Get A Key Grip Paul Simon's song "Kodachrome" is reimagined in this musical parody game where contestants are quizzed on movie making jobs.
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Get A Key Grip

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CECIL BALDWIN: This is NPR's ASK ME ANOTHER coming to you from the Nantucket Film Festival. I'm Cecil Baldwin with guest musician Julian Velard. Now here's your host, Ophira Eisenberg.

(APPLAUSE)

OPHIRA EISENBERG, HOST:

Thank you, Cecil. Before the break, we met our contestants Sarah and Michael. Soon they'll play a music parody game about moviemakers you never see, but they still own a yacht.

(LAUGHTER)

EISENBERG: Let's first check in with our contestants. Sarah, I was very pleased to learn that you are one of the founding members of the Nantucket Curling Club.

SARAH BOIS: Yes.

EISENBERG: All right.

(APPLAUSE)

EISENBERG: How did you come to enjoy the fine sport of curling?

BOIS: Well, when you have an ice rink and you're a terrible skater...

EISENBERG: Yes.

BOIS: ...And it's winter on Nantucket....

EISENBERG: And you own a broom.

BOIS: ...And (laughter)...

(LAUGHTER)

BOIS: ...Really good at sweeping...

(LAUGHTER)

BOIS: No, you know, it's a way - you know, just something else to do on the island. And it was kind of one of those bucket list things. You know, hey, curling - you know, the Olympics are soon. I want to try it. And then I fell in love with it. It was really fun, great camaraderie. It's really - it's a fun sport.

EISENBERG: Michael, your job - you know, working in events means that you have produced a lot of extravagant parties over the years with a restaurant group. Do you ever have to book, like, odd people?

MICHAEL STIVER: Oh, yeah. The - what are those basketball people in New York? The...

EISENBERG: The Knicks?

STIVER: The Knicks, yeah - like, the Knicks' dancers.

(LAUGHTER)

STIVER: Like, the New York's Knicks lady dancer cheerleaders.

BALDWIN: The Knicks City Dancers.

STIVER: Knicks City Dancers.

BALDWIN: There you go.

STIVER: Exactly - for a 13-year-old boy's party.

EISENBERG: Sure.

(LAUGHTER)

EISENBERG: Of course.

STIVER: That's what I'm getting to.

EISENBERG: Julian Velard will perform your musical parody game called Get A Key Grip. Sarah, you won the last game, so you win this, and you are in the final round. Michael, you need to win this, or you have to change your name to Alan Smithee.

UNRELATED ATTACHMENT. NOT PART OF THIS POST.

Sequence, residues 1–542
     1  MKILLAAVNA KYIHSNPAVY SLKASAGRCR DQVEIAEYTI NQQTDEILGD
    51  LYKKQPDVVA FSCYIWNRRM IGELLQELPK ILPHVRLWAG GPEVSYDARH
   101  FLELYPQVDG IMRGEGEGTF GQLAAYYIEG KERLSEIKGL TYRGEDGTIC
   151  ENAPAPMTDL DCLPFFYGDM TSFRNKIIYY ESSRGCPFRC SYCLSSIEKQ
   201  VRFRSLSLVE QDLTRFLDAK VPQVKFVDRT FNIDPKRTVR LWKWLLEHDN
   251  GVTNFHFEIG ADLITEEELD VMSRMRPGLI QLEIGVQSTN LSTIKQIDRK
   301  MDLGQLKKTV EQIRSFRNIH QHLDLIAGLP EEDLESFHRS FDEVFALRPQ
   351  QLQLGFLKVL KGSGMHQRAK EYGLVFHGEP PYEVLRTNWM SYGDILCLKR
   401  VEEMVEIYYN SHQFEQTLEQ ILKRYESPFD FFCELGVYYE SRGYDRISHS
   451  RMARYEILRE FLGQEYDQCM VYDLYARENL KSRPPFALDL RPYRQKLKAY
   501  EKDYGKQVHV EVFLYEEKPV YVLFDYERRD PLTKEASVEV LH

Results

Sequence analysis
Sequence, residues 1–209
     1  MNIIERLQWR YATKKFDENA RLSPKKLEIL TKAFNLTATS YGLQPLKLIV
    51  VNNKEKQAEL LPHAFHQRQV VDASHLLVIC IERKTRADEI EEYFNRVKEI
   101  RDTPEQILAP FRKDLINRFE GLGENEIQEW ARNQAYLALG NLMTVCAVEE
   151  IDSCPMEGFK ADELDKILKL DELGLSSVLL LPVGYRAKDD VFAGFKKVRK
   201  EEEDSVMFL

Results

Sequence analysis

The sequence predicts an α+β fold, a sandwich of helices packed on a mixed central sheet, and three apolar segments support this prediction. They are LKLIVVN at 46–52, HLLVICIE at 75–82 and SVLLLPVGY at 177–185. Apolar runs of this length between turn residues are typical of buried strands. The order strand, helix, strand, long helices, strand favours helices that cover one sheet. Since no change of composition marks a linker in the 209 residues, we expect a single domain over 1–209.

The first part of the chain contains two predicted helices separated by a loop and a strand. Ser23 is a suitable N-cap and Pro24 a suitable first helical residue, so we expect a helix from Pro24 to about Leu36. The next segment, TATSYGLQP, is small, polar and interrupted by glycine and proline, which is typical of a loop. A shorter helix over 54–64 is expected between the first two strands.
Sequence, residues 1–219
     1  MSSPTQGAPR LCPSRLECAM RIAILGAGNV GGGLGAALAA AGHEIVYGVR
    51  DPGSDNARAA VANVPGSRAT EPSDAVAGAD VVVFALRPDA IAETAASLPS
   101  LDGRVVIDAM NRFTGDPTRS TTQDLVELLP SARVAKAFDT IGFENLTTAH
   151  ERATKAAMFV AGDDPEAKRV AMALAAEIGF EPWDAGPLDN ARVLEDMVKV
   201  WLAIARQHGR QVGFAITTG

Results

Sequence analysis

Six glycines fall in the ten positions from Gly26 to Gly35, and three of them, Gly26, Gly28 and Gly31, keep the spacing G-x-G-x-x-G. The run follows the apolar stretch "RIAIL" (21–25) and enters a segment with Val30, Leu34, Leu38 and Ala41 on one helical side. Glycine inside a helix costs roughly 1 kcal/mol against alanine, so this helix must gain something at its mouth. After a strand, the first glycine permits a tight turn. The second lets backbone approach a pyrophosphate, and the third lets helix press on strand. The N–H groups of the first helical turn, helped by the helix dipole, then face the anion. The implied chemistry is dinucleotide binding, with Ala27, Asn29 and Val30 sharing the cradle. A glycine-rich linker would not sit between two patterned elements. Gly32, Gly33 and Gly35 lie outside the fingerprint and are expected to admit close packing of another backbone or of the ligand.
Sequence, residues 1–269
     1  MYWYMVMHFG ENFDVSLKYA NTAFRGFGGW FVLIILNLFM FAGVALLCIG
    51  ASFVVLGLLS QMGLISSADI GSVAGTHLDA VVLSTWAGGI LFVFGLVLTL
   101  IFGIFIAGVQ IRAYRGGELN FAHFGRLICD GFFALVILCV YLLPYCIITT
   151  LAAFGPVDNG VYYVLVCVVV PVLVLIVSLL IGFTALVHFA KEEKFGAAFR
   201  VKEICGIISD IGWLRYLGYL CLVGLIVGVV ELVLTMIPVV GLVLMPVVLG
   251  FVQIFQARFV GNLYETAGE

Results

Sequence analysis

(LAUGHTER)

EISENBERG: Small select audience member get that, and that's fine. Take it away, Julian.

JULIAN VELARD: We rewrote Paul Simon's "Kodachrome" about an old-timey camera film that was once used for cinematography and still photography to be about behind-the-scenes movie jobs. Just ring in, and identify the job that I'm singing about. All right.

(Singing) When I look back, I guess I could have gone to film school. But I had a vision from the start. Like Kurosawa, Tarantino, Kubrick and Gerwig - didn't need no schooling for my art.

(SOUNDBITE OF BELL)

EISENBERG: Michael.

STIVER: Director.

EISENBERG: That is correct.

(APPLAUSE)

EISENBERG: We also would have accepted egomaniac.

(LAUGHTER)

EISENBERG: All right. Here's your next one.

VELARD: (Singing) I might assess the key grip. I might assess the gaffer. But I'm not the worst, and I'm not a girl.

(SOUNDBITE OF BELL)

EISENBERG: Sarah.

BOIS: Best boy.

EISENBERG: Yeah (laughter), that's right.

(LAUGHTER, APPLAUSE)

EISENBERG: Sounds like a sarcastic title the way you say it, Sarah.

(LAUGHTER)

VELARD: (Singing) If you take all the footage shot with all the cameras and give it all to me on intertwine, I will assemble all the shots and make them coherent, build the story you all had in mind.

(SOUNDBITE OF BELL)

EISENBERG: Sarah.

BOIS: The editor.

EISENBERG: Yeah, exactly.

(APPLAUSE)

EISENBERG: I can see it. You guys are, like...

VELARD: (Laughter).

EISENBERG: ...Heavy into the competition right now. You're neck and neck. You're neck and neck. Sarah's pretending she's your friend. She's pretending...

(LAUGHTER)

EISENBERG: ...She's your friend, Michael. I see...

BOIS: He's my best boy.

EISENBERG: He's your best boy.

(LAUGHTER)

VELARD: (Singing) Crash the car. They can't have the actor do it. They need someone more athletic. Toss me that way, and then I'll take his place, oh, yeah.

(SOUNDBITE OF BELL)

EISENBERG: Michael.

STIVER: Stuntman.

EISENBERG: Yeah.

(APPLAUSE)

EISENBERG: Although we were looking for stunt-person, but I...

(LAUGHTER)

EISENBERG: ...Suppose we'll accept your version.

STIVER: Stunt-boy?

EISENBERG: Stunt-boy, no.

(LAUGHTER)

EISENBERG: No, that is not acceptable, wrong. Sarah, can you steal?

(LAUGHTER)

BOIS: Stunt-lady.

VELARD: (Singing) I work with lots of colors. My canvas is the human face. I'll make you look great or old and sick today.

(SOUNDBITE OF BELL)

EISENBERG: Sarah.

BOIS: Makeup artist.

EISENBERG: That is correct.

(APPLAUSE)

EISENBERG: This is your last clue.

VELARD: (Singing) What about me? The story's mine. What about me? The plot is mine. What about me? The characters are mine. What about me? The story's mine. I made up every single line. What about me? The characters are mine.

(SOUNDBITE OF BELL)

EISENBERG: Sarah.

BOIS: The writer.

EISENBERG: OK.

(LAUGHTER)

EISENBERG: What is the writer of the movie called?

BOIS: The screenwriter.

EISENBERG: Yeah, the screenwriter.

(APPLAUSE)

EISENBERG: Also would have accepted narcissist.

(LAUGHTER)

EISENBERG: Sarah, you won that game, which means you won both games. And you are moving on to our final round.

(APPLAUSE)

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